Who Produced the Draft EIS?

Last month the Pebble Limited Partnership (PLP) launched new advertising efforts to state its case that the federal permitting process is working as designed and that the Corps’ Draft Environmental Impact Statement (DEIS) “shows a clear path forward for permitting…”  PLP’s full-page ad in the Anchorage Daily News, along with a 20-page direct mailer, also included logos of 16 cooperating agencies and tribes, ranging from The Office of the President of the United States to Curyung Tribal Council.

However, some agencies and tribes listed were surprised by this inclusion and felt it misleading and confusing to the public, especially since the mailer included the headline “Who Produced the Draft EIS?” above the logos.

Pebble Limited Partnership sent a mailer, “Clear Path Forward,” to Alaska residents in November. Its use of agency logos under the heading “Who Produced the Draft EIS?” prompted backlash from some of the agencies listed.

Unauthorized Use

The U.S. Department of the Interior (DOI), which has been very critical of the Draft EIS, sent a cease and desist letter on Friday, warning PLP to avoid use of the agency logos under its purview. These include the Bureau of Safety and Environmental Enforcement, Fish and Wildlife Service and the National Park Service. Use of the logos “implies that your organization receives assistance or is somehow affiliated” with those agencies, wrote Lisa Kilday, Attorney-Advisor for the DOI. “It is misleading for PLP’s advertisements to attribute ‘production’ of the DEIS to the bureaus, thereby suggesting that the Department or other federal agencies endorse the DEIS. The bureaus have participated and will continue to participate in the NEPA review of the proposed Pebble Mine Project in their respective roles as cooperating agencies. But their participation does not rise to the level of producing or controlling the documents released by the USACE, and their involvement in the environmental review of the proposed Pebble Mine Project does not represent the bureaus’ endorsement of the DEIS or any future FEIS.”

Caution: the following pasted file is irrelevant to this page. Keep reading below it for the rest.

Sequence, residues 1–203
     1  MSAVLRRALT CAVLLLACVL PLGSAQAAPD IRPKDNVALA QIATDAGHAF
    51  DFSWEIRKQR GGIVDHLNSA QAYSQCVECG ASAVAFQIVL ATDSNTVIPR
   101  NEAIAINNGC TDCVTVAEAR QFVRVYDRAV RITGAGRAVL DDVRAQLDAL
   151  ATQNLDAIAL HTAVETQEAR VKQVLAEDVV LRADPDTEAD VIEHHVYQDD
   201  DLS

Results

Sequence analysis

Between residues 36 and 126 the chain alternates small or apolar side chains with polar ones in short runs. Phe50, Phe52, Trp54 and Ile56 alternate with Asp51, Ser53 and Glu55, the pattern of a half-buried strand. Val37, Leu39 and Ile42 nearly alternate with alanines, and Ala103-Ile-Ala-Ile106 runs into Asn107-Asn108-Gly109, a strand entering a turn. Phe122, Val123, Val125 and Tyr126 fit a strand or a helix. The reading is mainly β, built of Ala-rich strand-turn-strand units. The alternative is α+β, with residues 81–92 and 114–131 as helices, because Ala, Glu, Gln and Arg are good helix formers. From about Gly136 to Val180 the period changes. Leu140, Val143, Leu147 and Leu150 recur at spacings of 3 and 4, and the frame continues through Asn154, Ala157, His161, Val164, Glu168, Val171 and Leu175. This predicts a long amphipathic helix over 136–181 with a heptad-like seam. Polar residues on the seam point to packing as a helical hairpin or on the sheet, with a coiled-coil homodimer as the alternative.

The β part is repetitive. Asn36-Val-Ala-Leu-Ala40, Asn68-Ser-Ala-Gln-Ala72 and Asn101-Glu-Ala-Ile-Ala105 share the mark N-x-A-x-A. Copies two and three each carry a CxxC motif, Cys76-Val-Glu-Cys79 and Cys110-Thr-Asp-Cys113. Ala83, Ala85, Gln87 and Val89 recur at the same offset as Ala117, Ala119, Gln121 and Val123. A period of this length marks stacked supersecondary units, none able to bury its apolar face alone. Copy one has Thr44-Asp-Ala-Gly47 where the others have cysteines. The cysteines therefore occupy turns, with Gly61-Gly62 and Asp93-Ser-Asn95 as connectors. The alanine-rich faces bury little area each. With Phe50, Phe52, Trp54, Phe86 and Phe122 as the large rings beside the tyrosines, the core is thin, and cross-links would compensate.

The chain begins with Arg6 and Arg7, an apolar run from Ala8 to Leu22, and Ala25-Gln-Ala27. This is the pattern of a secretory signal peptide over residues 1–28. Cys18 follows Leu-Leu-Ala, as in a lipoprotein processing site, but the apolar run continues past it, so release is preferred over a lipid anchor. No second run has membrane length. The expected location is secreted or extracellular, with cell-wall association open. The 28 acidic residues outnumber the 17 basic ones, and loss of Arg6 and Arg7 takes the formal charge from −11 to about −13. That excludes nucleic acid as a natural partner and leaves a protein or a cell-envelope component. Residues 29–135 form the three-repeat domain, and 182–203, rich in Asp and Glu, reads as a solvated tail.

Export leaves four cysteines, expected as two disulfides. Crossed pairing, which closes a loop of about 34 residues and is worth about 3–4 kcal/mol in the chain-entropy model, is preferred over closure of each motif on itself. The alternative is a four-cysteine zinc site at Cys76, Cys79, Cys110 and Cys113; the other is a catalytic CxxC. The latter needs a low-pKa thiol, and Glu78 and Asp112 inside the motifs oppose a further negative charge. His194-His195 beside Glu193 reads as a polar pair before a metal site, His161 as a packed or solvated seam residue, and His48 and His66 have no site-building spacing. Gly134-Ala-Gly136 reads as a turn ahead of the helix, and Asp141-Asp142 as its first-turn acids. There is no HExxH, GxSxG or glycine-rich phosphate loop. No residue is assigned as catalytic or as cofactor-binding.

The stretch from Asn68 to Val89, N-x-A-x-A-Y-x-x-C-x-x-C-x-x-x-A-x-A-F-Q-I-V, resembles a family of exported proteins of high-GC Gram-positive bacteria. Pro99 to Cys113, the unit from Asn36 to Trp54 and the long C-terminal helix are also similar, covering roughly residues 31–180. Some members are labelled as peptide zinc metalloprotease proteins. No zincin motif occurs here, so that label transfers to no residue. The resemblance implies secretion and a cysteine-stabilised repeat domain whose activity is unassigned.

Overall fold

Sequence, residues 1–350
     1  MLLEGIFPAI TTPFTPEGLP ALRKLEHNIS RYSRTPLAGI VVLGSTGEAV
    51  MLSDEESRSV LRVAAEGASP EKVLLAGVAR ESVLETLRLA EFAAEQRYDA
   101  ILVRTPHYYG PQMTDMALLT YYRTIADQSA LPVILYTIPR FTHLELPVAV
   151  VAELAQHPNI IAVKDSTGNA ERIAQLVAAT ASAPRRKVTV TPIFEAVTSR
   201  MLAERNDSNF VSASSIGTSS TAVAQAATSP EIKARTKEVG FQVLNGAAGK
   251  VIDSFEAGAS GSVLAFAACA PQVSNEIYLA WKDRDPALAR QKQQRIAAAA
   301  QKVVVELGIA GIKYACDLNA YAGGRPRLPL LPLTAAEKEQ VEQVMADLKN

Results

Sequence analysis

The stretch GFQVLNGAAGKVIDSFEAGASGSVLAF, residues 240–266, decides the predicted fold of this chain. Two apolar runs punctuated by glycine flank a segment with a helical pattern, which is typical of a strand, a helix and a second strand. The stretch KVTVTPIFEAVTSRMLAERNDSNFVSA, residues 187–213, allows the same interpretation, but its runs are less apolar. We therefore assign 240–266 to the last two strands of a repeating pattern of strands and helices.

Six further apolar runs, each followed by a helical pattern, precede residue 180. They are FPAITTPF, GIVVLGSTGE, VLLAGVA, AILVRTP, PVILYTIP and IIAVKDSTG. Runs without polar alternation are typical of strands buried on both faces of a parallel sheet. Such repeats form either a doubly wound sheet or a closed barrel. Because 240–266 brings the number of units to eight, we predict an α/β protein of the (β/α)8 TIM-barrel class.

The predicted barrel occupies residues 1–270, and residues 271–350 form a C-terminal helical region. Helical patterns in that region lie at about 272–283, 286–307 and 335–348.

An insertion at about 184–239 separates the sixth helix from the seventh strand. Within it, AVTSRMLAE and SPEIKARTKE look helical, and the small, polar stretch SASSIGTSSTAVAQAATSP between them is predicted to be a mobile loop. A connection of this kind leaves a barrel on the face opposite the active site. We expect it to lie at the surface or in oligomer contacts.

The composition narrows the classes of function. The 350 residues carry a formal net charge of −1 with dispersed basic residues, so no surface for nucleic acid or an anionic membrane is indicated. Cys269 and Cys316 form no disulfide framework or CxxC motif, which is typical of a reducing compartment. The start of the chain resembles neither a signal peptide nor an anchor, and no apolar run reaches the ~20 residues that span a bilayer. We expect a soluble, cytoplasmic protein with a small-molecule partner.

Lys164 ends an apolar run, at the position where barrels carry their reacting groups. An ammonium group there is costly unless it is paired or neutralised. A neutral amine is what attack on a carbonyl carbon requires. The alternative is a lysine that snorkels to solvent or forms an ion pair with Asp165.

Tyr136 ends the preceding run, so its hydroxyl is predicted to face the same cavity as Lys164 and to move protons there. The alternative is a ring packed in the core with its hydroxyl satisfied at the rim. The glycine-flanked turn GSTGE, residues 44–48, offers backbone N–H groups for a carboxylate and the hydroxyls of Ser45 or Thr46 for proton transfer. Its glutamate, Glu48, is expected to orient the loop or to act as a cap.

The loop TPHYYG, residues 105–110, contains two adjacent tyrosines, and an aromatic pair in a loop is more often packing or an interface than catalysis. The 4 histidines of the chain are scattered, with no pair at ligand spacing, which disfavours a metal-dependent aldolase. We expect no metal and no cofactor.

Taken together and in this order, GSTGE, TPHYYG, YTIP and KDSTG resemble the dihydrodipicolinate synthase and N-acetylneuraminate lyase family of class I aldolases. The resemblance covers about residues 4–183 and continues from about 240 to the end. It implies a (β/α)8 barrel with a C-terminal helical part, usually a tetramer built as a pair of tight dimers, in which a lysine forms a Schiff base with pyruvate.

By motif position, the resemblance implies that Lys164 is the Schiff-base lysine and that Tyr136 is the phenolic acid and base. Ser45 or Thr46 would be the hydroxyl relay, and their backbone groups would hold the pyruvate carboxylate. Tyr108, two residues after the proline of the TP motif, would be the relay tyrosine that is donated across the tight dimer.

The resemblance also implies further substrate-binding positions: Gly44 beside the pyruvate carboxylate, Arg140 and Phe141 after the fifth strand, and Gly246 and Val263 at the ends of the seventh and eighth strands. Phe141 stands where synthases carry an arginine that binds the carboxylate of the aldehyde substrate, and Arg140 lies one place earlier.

For its part, PLP explained it was trying to create visual interest with the logos. “We wanted to visually portray the agencies that have a role to play with the NEPA review process,” said Mike Heatwole, Pebble Limited Partnership’s Vice President of Public Affairs. “When we recognized that it caused concerns, we immediately pulled back on it.” PLP disagrees that the use of the logos was misleading, but has agreed not to use them in the future. It has posted an updated version of the mailing at its website, listing cooperating agencies under a new title, “Who Are the EIS Cooperating Agencies?”

Surprised and angered

Thome Tilden, Curyung Tribal Council
Thomas Tilden, First Chief of the Curyung Tribal Council, was surprised and angered at Pebble Limited Partnership’s use of the Council’s logo in its marketing mailer.

One of the reasons PLP’s use of the logos in advertising was so surprising to some of the groups listed relates to the limited role cooperating agencies and tribes play in the process. Each entity serves in an advisory capacity, providing very specific review, analysis and comment in certain predefined areas of expertise. No matter how much a cooperating agency might agree or disagree on its content, the EIS is a Corps’ document. As the lead agency for the NEPA process for the proposed Pebble mine, the Corps has the final say.